Now, those who know me well know that I’m not aways given over to structured practicalities and organizational tricks. I know how to kick back and relax, especially in summer. After all, if you work in publishing or with authors, as I do, you’ll know that victories are hard-won and well worth celebrating! So … don’t take this as heavy-handed pontification from someone who’s eminently hypocritical. I often suggest many things which I do not myself do all the time, since I’m as firm a believer in changing the habits to fit the situation as I am that success in self-publishing is the nexus of persistence, skill, and good luck.

I recommend schedules for everyone. If not for always, than for a season––and there’s no better season to try your hand at scheduling in summer, when the emotional, physical, and social stakes are so high … and very little writing is getting done anyways, so why not try a new approach? You may be writing by a pool with a mimosa at your side, but you can still work a schedule like nobody’s business, and churn out more writing than you would otherwise. Anyone with a plan can make it work!

In garden a woman surfing on internet with laptop.

Oh … but a plan? How do I come up with one of those?

Here’s where I get a little bit … experimental. As the first step to developing a schedule, I recommend starting a bullet journal. You have probably heard this term before, and associated it with highly neurotic, organized, possibly even OCD? people with phenomenal artistic skills. sure did, and refused to start a bullet journal, until I dug into a great conversation at the local library with a young mother named Melissa.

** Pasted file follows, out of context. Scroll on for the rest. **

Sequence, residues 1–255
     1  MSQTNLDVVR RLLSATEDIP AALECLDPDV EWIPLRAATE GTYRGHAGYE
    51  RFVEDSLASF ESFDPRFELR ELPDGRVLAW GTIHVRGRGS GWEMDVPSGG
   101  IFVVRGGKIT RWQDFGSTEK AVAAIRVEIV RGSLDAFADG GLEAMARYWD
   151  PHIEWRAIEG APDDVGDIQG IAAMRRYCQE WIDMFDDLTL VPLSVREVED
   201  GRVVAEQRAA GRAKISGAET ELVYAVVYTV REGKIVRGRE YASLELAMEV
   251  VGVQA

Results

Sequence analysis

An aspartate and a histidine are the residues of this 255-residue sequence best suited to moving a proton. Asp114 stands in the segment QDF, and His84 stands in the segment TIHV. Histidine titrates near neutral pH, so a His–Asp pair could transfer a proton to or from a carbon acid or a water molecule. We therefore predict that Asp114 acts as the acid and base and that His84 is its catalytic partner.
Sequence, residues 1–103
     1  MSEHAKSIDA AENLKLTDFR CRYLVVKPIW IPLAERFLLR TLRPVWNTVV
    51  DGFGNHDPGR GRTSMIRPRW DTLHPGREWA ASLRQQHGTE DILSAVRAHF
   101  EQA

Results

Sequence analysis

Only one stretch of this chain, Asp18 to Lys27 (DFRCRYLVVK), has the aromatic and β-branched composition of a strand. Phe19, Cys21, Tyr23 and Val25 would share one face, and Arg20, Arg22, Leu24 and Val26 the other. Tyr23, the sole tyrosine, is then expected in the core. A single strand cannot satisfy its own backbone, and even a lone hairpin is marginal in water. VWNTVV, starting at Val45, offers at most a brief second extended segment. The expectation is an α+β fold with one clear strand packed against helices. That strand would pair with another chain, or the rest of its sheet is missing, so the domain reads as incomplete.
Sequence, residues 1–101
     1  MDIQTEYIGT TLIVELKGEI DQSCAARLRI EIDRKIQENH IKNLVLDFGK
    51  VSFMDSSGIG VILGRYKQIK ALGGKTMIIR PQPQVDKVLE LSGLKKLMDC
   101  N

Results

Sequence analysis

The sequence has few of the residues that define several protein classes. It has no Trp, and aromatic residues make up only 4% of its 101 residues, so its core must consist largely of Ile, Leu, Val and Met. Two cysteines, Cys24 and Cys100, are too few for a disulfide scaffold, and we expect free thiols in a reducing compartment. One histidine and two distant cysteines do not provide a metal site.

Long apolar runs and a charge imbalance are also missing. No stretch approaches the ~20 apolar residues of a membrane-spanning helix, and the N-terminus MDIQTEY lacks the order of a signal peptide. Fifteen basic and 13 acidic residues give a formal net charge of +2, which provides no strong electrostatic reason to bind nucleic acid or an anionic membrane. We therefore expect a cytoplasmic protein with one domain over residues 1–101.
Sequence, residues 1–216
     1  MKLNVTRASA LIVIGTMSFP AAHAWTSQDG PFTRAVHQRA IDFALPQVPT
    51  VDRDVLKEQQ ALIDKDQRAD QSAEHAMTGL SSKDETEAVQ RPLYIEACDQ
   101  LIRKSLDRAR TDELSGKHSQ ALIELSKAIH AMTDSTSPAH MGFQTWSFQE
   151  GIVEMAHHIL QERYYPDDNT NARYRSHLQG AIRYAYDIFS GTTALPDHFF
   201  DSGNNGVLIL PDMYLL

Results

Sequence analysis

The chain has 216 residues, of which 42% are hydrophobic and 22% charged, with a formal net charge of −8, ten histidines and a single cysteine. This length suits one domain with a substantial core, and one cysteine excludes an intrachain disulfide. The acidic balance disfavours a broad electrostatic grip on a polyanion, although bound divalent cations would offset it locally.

Melissa bullet journals. No surprise there! But wow, she has zero artistic skills. I mean, not a single artistic bone in her body! She was a bit reticent to show me her bullet journal, since she felt insecure about the lettering and such, but I was eventually able to persuade her. And I was incredibly impressed! Melissa has gotten to the heart of what a bullet journal is all about, which is to say, she started hers with lists––shopping lists, to-do lists, etc––and by tracking the little things she does throughout the day. Then she took it one step further and started to set goals … once she knew what her days usually already looked like, and what was feasible.

That, my friends and dear readers, is the value of a bullet journal. It can eventually help you shape behaviors, yes, but first it shows you what you already do––and therefore, what you’re already good at, and maybe some areas to work on. It’s like Google Analytics, but for a person’s daily productivity!

Printable Journaling Cards with Rooster Illustration. Line Style